Blending Asset Protection with Accounting

I am trying to figure out how to blend the asset protection of multiple LLCs holding properties while keeping my accounting needs simple.
Lets assume that I have 5 different properties. Ideally, I would like to keep each one in its own LLC but I sure as heck dont want to manage 5 different bank accounts and file 5 different tax returns. I heard a suggestion recently of using a parent LLC (partnership) that would own other LLCs (single member). The single member LLCs could then own one property each.

Since single-member LLCs are disregarded for tax purposes, would this allow everything to flow up to one bank account and one tax return??

Would this keep all potential liabilities contained with a single LLC??

If the properties were mortgaged, how would the title and loan need to be recorded??

If the parent corp is paying all the bills, does it create some kind of piercing of corporate veil of the single-member LLCs??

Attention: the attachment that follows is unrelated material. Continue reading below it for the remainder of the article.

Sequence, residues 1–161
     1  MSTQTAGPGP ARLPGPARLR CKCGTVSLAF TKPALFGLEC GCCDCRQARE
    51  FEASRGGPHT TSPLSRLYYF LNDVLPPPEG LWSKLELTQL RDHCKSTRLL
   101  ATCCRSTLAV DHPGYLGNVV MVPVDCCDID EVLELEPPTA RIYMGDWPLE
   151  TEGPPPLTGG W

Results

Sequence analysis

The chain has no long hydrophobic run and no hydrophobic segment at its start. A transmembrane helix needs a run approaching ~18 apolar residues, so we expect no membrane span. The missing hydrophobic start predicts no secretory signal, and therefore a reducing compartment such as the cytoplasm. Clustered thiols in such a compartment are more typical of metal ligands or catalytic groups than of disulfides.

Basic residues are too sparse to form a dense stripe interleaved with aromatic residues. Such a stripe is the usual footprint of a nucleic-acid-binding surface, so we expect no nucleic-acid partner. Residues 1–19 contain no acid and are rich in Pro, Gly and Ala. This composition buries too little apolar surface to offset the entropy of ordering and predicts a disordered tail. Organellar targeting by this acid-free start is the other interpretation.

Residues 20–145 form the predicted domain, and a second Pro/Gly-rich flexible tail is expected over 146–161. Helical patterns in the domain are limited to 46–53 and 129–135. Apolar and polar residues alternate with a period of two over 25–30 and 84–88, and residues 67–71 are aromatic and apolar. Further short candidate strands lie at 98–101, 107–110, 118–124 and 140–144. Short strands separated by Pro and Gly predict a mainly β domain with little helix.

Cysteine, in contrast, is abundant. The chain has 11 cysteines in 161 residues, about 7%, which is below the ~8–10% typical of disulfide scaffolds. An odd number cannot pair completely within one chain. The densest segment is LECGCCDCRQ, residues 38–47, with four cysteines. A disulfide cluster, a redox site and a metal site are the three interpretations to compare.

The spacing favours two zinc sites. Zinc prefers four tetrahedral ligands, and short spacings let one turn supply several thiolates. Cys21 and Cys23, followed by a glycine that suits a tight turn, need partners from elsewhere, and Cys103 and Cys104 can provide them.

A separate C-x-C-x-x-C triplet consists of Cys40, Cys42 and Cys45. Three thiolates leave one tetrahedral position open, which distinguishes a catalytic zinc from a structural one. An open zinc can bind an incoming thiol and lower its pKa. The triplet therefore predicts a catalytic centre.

Any feedback and experiences would be appreciated.

This type of parent/subsidiary can work, but you create a nexus to link everything together if you are managing the properties personally. The key is to have the ultimate ownership rest with an entity unrelated to you. That breaks the management/ownership link. Unfortunately, taxes play a big role and need careful consideration when forming the entities.

While it may be ideal for you to have each property held by a separate LLC, how much equity are you protecting?

If you only have $20K equity in each property, why not have all 5 properties held by a single LLC? John Hyre suggests that you limit the equity exposure in your LLC to $250K or less. Once you have $250K in equity, put the next property you acquire into a new LLC.

you don’t have to have a single entity “own” the other entities.

You can have a single entity act as property manager without mucking up the ownership structure. many bank accounts, but all the activity flows through one account except for the monthly/quarterly payments to the “property owners.”

requires good great record-keeping. treat it like a business (charge a management fee, send statements to the owners, etc).

still have the personal management issue.


In the situation you proposed, does the “property manager” entity/LLC need to be qualified as a legitimate “property management company” in the state of business? (What I’m trying to ask is that states have certain requirements (i.e. a broker’s license, etc.) to manage “others’” properties. Would those kinds of rules apply to the management LLC in your scenario?)

Thanks. I’ve been thinking about the idea you explained for a while.

you would have to check with your state for the specific requirements.